American loneliness is a problem. A big problem. It has been for a long time.
Loneliness is, of course, not just an American problem. A few years ago, England established a Ministry of Loneliness. But America’s core ethic, built on capitalism’s cultural fracking, rewards individuals free to work, buy, move, consume, and to pursue themselves. The U.S. also might be the world’s prime example of what sociologist Emile Durkheim predicted: a society infected with anomie, a rootlessness that issues in anti-social behaviors such as crime, violence, and suicide.
As the nation’s conflicting social, political, and religious responses to the pandemic make clear, the answers to the questions of whether or not we belong to the same nation and recognize our social ties are something between “it depends” and “no.”
We must belong to something greater than ourselves. Culturally, we get that message in nearly every Christmas movie, which are mostly about belonging to a family (from which someone in the movie was previously estranged). In The Lion King, Mufasa introduces Simba to the circle of life. People join cults and dive down the rabbit holes of conspiracy theories to be part of something bigger than themselves.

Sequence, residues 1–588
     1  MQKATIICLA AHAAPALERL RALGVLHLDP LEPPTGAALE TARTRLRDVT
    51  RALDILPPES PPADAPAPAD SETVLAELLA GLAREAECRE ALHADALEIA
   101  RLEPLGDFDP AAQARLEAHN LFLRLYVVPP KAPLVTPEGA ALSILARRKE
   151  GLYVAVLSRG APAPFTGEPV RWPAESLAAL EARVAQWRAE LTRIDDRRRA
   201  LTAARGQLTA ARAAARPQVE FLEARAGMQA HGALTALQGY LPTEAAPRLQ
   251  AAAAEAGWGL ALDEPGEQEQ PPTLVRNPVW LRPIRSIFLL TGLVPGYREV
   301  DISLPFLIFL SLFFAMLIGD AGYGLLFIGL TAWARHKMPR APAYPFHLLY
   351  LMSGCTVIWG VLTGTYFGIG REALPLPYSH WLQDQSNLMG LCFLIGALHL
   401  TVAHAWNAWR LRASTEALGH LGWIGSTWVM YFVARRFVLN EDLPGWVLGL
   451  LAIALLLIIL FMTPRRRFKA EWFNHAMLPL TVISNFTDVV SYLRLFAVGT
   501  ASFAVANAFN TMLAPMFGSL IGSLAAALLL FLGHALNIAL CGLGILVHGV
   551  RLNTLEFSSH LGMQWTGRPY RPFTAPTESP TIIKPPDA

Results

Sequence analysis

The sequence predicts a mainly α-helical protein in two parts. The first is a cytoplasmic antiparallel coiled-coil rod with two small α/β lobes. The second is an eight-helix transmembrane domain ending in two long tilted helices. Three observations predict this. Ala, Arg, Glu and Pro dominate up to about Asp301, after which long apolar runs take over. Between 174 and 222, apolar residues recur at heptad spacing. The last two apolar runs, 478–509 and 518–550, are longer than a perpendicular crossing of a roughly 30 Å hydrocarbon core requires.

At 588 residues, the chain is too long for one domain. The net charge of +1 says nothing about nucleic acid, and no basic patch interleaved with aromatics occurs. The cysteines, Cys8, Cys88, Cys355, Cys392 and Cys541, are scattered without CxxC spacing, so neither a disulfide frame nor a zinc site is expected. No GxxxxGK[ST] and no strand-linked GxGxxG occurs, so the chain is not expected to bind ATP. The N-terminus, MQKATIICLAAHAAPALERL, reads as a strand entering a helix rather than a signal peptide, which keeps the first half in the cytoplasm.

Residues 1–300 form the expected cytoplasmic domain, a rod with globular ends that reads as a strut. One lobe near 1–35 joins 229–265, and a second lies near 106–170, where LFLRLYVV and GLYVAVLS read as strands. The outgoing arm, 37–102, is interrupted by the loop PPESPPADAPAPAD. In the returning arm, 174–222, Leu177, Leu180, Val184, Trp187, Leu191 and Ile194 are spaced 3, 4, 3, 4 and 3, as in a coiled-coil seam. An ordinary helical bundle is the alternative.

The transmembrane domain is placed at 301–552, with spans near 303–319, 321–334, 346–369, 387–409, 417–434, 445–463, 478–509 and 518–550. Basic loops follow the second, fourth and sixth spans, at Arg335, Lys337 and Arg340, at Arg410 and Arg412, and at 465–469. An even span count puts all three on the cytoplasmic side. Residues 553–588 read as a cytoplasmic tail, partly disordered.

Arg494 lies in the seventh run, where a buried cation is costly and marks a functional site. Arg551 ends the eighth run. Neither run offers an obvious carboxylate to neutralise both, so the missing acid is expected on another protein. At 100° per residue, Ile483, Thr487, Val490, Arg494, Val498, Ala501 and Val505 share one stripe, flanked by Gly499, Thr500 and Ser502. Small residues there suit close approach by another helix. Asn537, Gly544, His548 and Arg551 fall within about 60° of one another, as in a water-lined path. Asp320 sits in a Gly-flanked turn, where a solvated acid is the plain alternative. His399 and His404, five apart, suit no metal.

Religious communities should be experts both in belonging and in connecting people with someone bigger than themselves. Indeed, many, many religious communities do one or both of these reasonably well. Some do this core religious work extremely well.
That said, the “Bowling Alone” phenomenon of “spiritual but not religious,” claiming spirituality apart from religious institutions, grows. Religious communities are meaningful places of belonging for a smaller percentage of the population than was the case in recent past decades. Why is that?—and the answer should not simply name attractions elsewhere rather than looking square-shouldered at our own deficits.
Religious communities could do better in ameliorating the pandemic of loneliness.
There is a telling saying about belonging in Baptist circles that introduces the question of who and what any particular attendee actually belongs to. “Those that come on Sunday morning love the church. Those who come on Sunday night love the pastor. Those who come on Wednesday night love the Lord.” People belong for different reasons, and those reasons deserve assessment.
In our religious communities, to whom and what do we invite people to belong? Is that who or what sufficiently true, real, beautiful, and powerful to draw persons out of their loneliness and thaw their frozen hearts? Is there anything more and better we can do to diminish the public health crises growing from this nation’s deep-rooted loneliness?
Dr. Gary Peluso-Verdend is president emeritus at Phillips Theological Seminary and is the executive director of the seminary’s Center for Religion in Public Life. The opinions expressed in this blog are those of the author. Learn more about the Center’s work here and about Gary here.